F R E Q U E N T L Y A S K E D Q U E S T I O N S
A B O U T R E G U L A T I O N F D
What is Regulation FD?
Regulation FD (for “Fair Disclosure”), promulgated by the SEC under the Securities Exchange Act of 1934, as amended (the “Exchange Act”), prohibits companies from selectively disclosing material nonpublic information to analysts, institutional investors, and others without concurrently making widespread public disclosure. The rule reflects the view that all investors should have equal access to a company’s material disclosures at the same time. Since its enactment in 2000, Regulation FD has fundamentally reshaped the ways in which public companies conduct their conference calls, group investor meetings, and so-called “one-on-one” meetings with analysts and investors.
Why was Regulation FD adopted?
Regulation FD is intended to promote full and fair disclosure of information by issuers. The SEC adopted Regulation FD to address the selective disclosure by issuers of material nonpublic information. In its adopting release, the SEC referred to publicized reports, describing that many issuers were disclosing important nonpublic information, such as advance warnings of earnings results, to securities analysts or selected
institutional investors or both, before making full disclosure of the same information to the general public. Where this had happened, the SEC observed, those who were privy to the information beforehand were able to profit or avoid a loss at the expense of those kept in the dark.1
What does Regulation FD require?
Under Regulation FD, whenever a public company, or any person acting on its behalf, discloses material nonpublic information to certain enumerated persons, the company must disclose that information to the public. The timing of the required public disclosure depends on whether the selective disclosure was intentional or unintentional. Accordingly, the company must make this public disclosure (i) simultaneously, in the case of intentional disclosures, or (ii) promptly afterwards, in the case of unintentional disclosures. The public disclosure may be made through an Exchange Act filing (such as a Current Report on Form 8-K) or through any method reasonably designed to effect broad, non-exclusionary distribution of the information.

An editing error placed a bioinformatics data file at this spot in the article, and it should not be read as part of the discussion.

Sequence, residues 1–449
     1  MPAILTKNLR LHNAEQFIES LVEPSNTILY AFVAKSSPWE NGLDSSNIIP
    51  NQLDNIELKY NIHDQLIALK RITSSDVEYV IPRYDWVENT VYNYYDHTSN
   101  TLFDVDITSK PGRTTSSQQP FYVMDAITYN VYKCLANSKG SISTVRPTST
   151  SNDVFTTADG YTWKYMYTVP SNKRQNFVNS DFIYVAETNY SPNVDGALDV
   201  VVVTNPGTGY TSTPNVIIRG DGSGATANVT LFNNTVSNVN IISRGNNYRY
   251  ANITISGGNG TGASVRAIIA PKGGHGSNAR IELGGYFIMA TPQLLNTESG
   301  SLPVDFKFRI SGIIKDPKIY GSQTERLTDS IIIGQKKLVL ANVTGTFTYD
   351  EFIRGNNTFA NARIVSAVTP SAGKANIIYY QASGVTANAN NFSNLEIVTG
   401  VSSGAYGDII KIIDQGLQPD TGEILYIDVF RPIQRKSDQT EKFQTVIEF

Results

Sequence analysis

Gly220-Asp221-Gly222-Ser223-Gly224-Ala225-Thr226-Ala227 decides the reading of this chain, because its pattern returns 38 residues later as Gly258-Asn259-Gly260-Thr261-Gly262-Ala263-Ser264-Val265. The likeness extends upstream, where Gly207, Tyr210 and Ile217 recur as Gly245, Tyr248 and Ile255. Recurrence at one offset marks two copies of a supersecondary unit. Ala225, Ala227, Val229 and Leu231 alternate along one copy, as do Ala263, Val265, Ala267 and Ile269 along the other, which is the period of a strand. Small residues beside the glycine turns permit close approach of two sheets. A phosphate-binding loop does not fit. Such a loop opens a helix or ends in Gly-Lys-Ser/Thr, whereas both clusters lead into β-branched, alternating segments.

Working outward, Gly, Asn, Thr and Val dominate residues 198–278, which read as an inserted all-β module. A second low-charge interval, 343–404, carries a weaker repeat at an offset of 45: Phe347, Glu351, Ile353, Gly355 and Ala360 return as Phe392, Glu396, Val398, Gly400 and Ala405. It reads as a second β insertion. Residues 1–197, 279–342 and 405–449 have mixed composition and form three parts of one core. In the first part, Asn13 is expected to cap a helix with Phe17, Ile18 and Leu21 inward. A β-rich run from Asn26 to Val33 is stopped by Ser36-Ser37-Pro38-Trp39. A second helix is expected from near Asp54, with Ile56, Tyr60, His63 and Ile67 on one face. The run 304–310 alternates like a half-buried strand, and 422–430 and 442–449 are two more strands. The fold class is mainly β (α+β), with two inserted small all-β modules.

1 See the Regulation FD adopting release available at http://www.sec.gov/rules/final/33-7881.htm.
See Frequently Asked Questions About Liability of Public Companies and Companies in Registration for Website and Social Media Content — “Regulation FD and Company Web Content.”
Scope of Regulation FD
Which companies are subject to Regulation FD?
Regulation FD applies to all companies that have a class of securities registered under Section 12 of the Exchange Act or that are required to file reports under Section 15(d) of the Exchange Act, including any closed-end investment company (as defined in Section 5(a)(2) of the Investment Company Act of 1940), but not including (i) any other investment company, or (ii) any foreign government or foreign private issuer.
Which employees are covered by Regulation FD?
Regulation FD applies to the public issuer and any “person acting on behalf of the issuer.” This definition includes the following individuals:
senior company officials (a director, executive officer, investor relations or public relations officer, or other person with similar functions), including individuals acting under their direction; and
other officers, employees, or agents of the company who regularly communicate with securities market professionals or with security holders. Note that this element of the definition is limited to those who “regularly” communicate with securities market professionals and security holders.
As part of its Regulation FD policy, a company should specify which employees are authorized to speak on behalf of the company and the procedures related to responding to media and other inquiries.
What constitutes “material information” for purposes of Regulation FD?
Regulation FD regulates the disclosure of nonpublic material information. Though Regulation FD does not define materiality, the adopting release2 provides
guidance in its references to existing case law regarding determinations of “materiality.”